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Originally Posted by wouter79
Originally Posted by Lady Bird
I wonder if using a dehumidifier may help customer and technician.
Surely in drier areas bacteria would survive for a shorter time or perhaps not ?

We're talking virus, not bacteria these days.

FAIK it's like this. Yes the virus may live shorter in dry situations. But the human respiratory system weaker in dry situations because the mucous membrane becomes thinner. I'm not sure what would be optimal but I would guess somewhere in the middle.

Also, a dehumidifier actively pumps around air. If that air contains viruses, it thus helps distribution

I think what would help is a good air filter with a HEPA.It must be well maintained, otherwise it does not work or might even be a source of other problems.
So how long after the technician has left do.you think I could use the dehumidifier?
I ask because the a technician is coming on Saturday not to tune but to adjust a pedal which has developed a squeak.
Technicians are being allowed to work again in BC. I am not sure if I can get one of these air filters which you describe .I would appreciate some help as the humidity in Vancouver can rise quite quickly to about 60 to 65 especially if it rains.

Last edited by Lady Bird; 05/25/20 08:45 PM. Reason: Doubled my post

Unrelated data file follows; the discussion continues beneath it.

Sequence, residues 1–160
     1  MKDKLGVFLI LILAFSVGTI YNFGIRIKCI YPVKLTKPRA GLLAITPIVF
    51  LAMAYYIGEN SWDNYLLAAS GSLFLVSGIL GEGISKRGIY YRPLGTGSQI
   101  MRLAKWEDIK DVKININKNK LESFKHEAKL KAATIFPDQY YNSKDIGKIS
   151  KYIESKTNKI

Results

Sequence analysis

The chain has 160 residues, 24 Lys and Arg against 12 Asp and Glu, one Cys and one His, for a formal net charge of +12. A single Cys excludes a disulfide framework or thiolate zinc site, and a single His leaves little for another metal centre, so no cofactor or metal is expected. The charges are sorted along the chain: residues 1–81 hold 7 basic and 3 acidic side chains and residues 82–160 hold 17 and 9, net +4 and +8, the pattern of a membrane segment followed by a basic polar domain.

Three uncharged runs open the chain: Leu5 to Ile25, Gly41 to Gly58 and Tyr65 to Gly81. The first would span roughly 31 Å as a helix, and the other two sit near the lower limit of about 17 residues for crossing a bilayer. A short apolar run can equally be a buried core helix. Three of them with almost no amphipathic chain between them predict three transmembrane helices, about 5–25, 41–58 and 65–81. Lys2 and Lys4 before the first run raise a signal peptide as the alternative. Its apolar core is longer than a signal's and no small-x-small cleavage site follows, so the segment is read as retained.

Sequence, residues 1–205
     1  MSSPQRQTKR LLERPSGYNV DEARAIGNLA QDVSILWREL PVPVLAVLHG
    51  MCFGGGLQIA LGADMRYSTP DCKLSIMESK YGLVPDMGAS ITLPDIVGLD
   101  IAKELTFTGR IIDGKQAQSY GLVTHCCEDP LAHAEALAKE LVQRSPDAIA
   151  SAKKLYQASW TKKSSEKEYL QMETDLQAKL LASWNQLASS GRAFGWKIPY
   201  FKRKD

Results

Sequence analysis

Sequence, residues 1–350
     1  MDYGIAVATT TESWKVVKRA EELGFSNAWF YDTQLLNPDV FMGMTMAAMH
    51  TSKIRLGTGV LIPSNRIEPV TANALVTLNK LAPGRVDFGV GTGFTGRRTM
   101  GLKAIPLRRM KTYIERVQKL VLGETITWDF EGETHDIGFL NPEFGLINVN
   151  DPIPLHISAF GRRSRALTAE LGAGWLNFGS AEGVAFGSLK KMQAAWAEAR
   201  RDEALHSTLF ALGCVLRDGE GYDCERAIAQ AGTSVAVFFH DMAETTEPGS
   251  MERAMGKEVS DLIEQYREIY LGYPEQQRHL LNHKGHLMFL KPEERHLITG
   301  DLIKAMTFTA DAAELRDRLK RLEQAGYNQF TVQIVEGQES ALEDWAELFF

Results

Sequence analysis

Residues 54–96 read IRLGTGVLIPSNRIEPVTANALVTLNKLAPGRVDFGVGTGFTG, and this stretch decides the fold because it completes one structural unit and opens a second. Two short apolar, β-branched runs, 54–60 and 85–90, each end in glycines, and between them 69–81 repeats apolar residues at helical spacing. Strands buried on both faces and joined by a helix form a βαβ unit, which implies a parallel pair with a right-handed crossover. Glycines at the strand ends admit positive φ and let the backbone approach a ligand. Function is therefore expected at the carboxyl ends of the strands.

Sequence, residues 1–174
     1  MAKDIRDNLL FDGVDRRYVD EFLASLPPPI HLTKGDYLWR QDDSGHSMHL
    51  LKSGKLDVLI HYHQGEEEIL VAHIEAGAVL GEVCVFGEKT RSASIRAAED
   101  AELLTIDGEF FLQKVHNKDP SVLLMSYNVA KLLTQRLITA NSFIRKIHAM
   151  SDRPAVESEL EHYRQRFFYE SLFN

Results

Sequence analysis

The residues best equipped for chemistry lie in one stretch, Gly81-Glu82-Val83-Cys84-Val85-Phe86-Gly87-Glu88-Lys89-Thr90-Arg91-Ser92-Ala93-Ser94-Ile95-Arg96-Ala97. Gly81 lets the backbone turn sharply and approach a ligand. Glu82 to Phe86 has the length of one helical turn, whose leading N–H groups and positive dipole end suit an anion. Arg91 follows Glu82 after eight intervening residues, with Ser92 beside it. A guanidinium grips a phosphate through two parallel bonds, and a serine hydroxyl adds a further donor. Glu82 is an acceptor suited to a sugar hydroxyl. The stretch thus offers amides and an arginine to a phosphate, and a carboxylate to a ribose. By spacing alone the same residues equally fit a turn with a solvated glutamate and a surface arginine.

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Hate to ask this, but has anyone heard of a piano tuner coming down with covid after going to clients home?
I'm getting requests but prefer to wait to go out til they get some decent treatment drug.

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Since this topic started at the beginning of May, there has been a shift in what the medical community knows about likely avenues of transmission for Covid-19. Initially, the warnings were about touching surfaces and then transferring that to our faces. Current data suggests:

"The virus is thought to spread mainly from person-to-person.

Between people who are in close contact with one another (within about 6 feet).
Through respiratory droplets produced when an infected person coughs, sneezes, or talks.
These droplets can land in the mouths or noses of people who are nearby or possibly be inhaled into the lungs.
COVID-19 may be spread by people who are not showing symptoms."